The community provided amazing support to our 4-H’ers at the La Plata County Fair this year. Let me share just some of what I saw.
More than 65 adults took an entire day off to judge 4-H projects – everything from cake decorating to food preservation to shooting sports to livestock. During the course of the year, 350 4-H’ers worked on projects with the help of adult leaders who shared a passion.
Later in the week, a fantastic community barbecue was offered with the help of 32 local businesses that generously contributed cash and goods. This year, more than 1,215 people were served a bounty of locally produced food, and our local 4-H program netted almost $19,000 to help fund youth leadership programs.
At a good-will competition, 1,210 pounds of meat was cooked by La Plata Electric Association, Chevron, BP and Durango & Silverton Narrow Gauge Railroad (with the help of Manna Soup Kitchen). To put that into perspective, that is equivalent to two entire steers. The meat was “melt in your mouth” fantastic. The first-place People’s Choice and the Judges’ Choice awards went to D&SNG, but the 2009 defending champion, Chevron, pulled in a close second.
This year, we added a new twist, asking three banks to compete for the best ranch beans. Just think of the sheer logistics of cooking 100 pounds of beans and 1,200 pounds of meat to serve to more than 1,200 people during the course of five hours. My hat goes off to these hardy, committed community leaders. Thank you. Then add the 600 parents, 4-H’ers and FFA students who worked from two hours to 10 hours each to serve hungry patrons.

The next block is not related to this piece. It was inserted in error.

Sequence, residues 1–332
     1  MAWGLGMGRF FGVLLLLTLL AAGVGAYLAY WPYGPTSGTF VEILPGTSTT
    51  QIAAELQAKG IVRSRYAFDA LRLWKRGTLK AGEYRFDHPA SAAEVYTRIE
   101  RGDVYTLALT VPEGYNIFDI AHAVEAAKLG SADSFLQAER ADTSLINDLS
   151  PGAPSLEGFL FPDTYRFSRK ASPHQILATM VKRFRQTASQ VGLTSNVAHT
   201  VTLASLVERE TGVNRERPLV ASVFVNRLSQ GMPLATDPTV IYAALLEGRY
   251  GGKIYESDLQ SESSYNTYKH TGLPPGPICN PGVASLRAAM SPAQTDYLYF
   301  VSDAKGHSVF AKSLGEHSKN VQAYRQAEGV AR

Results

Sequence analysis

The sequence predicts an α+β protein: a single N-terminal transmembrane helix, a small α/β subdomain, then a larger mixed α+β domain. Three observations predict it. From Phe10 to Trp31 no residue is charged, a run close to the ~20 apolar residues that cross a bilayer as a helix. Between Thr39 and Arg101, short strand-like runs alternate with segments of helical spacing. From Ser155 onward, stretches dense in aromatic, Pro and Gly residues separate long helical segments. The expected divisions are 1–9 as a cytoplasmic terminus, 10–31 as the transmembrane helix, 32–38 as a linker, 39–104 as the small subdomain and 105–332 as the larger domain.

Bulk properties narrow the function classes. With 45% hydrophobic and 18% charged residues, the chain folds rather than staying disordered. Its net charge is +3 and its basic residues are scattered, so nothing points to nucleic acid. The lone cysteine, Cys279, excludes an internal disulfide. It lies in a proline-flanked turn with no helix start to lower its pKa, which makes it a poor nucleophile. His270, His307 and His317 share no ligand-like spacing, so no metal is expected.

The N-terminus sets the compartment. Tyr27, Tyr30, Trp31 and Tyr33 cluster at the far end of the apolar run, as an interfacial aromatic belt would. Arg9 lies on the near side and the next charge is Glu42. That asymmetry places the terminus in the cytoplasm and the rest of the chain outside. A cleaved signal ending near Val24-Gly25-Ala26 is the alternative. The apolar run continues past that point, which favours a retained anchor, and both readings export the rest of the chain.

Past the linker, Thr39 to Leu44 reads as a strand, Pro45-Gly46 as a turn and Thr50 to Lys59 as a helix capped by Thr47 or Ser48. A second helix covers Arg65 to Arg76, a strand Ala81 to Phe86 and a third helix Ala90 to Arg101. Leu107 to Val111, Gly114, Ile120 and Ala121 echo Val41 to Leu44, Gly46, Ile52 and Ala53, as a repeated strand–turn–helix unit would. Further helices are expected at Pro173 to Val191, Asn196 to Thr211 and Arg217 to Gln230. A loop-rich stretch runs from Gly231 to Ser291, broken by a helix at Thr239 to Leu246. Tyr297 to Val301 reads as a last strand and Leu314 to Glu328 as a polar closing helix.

As I walked around the fair, I saw 4-H’ers checking to see how they placed in their competitions or being interviewed by judges. The pride and smiles on those young faces was enough to warm my heart for at least a month. I saw youths, parents and community members helping each other take care of rabbits, poultry, steers, pigs, goats and lambs.
The week culminated Saturday evening when the grandstands were full of community members and families to watch 4-H’ers parade their prize-winning projects for the last time.
At the auction, some community members bought livestock for three times market value. Yes, the amazing generosity of community businesses was encouraging, especially when we remember how the economy’s downturn has hurt our community.
What I’ll remember most is the way 4-H’ers and adults interacted. They shared a common respect for each other – a respect that can affect each for years to come in so many unexpected ways. We can receive so much from each other when we open up. Thank you.
email@example.com or 247-4355. Wendy Rice is family and consumer science agent for the La Plata County Extension Office.